Further, Blockadia may have been a strategic ‘pincer’ move by those parties interested in cap and trade, to force Canada’s economy into a corner until we are at such a level of economic distress that we say ‘yes’ to global cap and trade. In fact, this would surrender authority over our country to offshore interests and would likely also be the end of democracy here.
And lastly, Blockadia may also have been a strategy by various ‘vulture investors’– who have manipulated markets and public opinion to devalue our important resource shares, or to have others divest them, so that they can snap them up at a bargain price.
There are also broader geopolitical aspects at work. The European Union has limited access to fossil fuels but is a highly industrialized region. It is curious that we refine Norwegian oil and Saudi Arabia oil on the eastern coast of Canada, that is shipped for miles across the ocean, but we cannot ship our oil by pipeline within our own nation or to ports in any direction. It is curious that the many European nations with whom we share common cultural, religious, economic and ethnic roots, continue to prefer to buy their oil and gas from nations with dubious human rights reputations which have no environmental standards comparable to ours. Germany buys natural gas from Russia, the UK buys Liquefied Natural Gas from Qatar, France’s TOTAL SA oil company pulled out of the Alberta oil sands ‘dirty oil’ and invested in Iran where young women are jailed and flogged for dancing alone or removing their head coverings; where gay people are subject to death penalties, where the state frequently threatens to wipe Israel or Europe off the map.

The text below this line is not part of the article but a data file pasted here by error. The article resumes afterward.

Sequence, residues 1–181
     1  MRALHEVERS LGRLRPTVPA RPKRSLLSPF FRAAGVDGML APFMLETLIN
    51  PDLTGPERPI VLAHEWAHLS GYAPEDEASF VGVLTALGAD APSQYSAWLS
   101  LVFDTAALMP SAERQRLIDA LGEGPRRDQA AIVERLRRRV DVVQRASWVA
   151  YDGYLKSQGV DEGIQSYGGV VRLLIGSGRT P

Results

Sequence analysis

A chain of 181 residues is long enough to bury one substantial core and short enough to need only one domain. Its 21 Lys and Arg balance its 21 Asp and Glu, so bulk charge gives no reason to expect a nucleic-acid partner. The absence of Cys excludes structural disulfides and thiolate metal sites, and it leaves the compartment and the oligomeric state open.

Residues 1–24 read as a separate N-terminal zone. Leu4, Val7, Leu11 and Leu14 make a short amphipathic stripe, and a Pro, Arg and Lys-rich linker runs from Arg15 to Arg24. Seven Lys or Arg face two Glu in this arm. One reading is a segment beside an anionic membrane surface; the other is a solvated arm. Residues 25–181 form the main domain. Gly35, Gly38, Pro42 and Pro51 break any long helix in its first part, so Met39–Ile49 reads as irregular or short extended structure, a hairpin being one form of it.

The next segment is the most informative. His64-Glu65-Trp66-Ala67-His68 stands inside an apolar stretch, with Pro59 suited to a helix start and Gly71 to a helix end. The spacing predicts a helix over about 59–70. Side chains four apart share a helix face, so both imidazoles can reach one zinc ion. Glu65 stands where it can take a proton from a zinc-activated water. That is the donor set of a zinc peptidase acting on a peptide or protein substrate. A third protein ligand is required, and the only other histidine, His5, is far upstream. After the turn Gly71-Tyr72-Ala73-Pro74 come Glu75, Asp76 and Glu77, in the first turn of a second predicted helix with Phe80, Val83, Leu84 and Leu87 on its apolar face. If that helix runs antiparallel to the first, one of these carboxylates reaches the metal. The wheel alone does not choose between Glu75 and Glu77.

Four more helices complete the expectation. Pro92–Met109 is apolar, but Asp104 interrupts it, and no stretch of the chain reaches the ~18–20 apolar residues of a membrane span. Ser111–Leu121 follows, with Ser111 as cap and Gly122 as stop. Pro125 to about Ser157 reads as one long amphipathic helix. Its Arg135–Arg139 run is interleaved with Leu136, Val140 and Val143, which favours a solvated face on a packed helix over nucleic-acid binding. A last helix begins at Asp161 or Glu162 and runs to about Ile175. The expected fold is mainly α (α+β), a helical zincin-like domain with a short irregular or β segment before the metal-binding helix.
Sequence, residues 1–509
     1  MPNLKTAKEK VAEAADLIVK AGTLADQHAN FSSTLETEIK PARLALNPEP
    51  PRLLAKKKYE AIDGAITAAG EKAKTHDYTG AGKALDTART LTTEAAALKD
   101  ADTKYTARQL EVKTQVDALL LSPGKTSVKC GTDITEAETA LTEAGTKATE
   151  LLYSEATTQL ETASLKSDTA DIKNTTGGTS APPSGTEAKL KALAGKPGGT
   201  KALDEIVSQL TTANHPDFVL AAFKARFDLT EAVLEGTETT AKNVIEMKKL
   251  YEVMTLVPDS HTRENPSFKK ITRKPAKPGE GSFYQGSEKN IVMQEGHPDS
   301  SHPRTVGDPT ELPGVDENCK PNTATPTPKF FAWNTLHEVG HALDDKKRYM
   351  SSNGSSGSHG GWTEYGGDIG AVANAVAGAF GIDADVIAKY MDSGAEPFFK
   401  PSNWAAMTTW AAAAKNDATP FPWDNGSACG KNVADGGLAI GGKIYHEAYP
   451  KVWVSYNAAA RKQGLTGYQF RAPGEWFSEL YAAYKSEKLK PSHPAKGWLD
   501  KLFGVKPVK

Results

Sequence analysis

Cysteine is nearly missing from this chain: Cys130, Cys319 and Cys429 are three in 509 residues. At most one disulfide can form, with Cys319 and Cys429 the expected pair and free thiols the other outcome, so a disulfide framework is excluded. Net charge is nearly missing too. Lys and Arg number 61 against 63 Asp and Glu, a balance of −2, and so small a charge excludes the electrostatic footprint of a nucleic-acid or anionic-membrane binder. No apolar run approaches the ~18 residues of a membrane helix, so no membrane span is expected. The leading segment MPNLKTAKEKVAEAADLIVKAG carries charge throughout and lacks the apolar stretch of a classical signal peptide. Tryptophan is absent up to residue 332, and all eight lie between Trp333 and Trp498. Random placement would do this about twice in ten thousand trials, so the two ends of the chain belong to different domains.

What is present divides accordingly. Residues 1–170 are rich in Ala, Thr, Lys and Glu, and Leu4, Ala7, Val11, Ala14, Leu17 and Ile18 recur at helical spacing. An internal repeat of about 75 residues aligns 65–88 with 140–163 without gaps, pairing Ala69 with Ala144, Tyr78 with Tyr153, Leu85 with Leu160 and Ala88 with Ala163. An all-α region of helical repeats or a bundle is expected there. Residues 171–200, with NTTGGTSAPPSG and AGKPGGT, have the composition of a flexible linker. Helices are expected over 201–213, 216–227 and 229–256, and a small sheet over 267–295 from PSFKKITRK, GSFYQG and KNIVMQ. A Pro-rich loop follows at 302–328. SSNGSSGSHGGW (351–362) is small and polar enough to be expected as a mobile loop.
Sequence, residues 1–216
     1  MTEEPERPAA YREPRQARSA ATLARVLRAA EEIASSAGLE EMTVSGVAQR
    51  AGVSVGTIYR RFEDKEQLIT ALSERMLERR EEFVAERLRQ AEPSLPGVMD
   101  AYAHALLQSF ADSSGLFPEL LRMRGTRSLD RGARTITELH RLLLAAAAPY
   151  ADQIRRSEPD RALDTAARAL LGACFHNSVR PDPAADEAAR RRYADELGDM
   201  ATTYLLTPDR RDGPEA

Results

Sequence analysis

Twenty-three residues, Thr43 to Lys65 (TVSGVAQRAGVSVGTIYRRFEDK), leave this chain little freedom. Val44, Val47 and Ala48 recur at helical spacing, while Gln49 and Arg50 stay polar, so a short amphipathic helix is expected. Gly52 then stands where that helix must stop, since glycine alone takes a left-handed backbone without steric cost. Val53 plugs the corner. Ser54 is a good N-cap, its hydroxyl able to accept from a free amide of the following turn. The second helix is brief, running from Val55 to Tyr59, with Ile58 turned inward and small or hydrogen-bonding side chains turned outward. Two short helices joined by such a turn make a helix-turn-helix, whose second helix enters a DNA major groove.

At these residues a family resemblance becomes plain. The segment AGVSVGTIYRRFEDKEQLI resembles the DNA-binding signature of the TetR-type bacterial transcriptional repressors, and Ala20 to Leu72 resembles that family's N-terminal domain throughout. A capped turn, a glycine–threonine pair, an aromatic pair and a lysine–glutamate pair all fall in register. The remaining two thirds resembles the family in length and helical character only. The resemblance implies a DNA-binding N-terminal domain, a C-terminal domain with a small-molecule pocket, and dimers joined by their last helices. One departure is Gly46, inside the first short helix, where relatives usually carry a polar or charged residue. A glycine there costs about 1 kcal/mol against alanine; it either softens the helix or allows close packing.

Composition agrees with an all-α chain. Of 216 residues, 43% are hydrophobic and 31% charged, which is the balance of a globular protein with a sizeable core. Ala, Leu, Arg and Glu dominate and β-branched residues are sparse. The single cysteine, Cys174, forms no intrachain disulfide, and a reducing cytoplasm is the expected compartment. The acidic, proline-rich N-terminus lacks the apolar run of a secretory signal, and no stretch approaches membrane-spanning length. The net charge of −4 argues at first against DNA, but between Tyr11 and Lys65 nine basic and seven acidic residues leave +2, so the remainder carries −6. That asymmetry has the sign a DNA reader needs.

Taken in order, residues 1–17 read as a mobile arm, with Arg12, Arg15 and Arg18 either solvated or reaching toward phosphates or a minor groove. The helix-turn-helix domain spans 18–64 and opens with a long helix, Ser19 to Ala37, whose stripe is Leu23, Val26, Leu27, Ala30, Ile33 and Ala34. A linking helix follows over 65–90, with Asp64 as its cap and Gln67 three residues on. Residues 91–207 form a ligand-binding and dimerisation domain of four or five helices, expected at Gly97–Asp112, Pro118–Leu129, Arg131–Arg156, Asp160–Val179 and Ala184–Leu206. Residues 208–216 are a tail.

One must wonder who is behind the UK Tar Sands Net *or the Cooperative Bank of the UK (pg. 42-49) funding indigenous dissension in Canada about the oil sands. What of the International Funders of Indigenous Peoples? This is a group of foreign funders whose 9th Annual Conference featured speakers inciting indigenous people to engage in long-term constitutional battles. Participants stated that foreign environmental groups would partner with indigenous people to block Keystone XL for the purpose of shutting down the oil sands. This sounds like an economic trade war, staged from Canada’s own territory and subsidized by taxpayers via environmental charities!
*UK Tar Sands Net: “We receive funding from a variety of sources, including Artists’ Project Earth, Network for Social Change, Lush, Tides Foundation, Fondation Pour une Terre Humaine and private donations. Our average grant-size is £4200.” [$7,071.75 Canadian] UK tar sands net works with: Indigenous Environmental Network ,Rising Tide UK ,Platform , People & Planet , Council of Canadians , Greenpeace , Athabasca Chipewyan First Nation , London Mining Network
No Similar Blockadia in Competitor Nations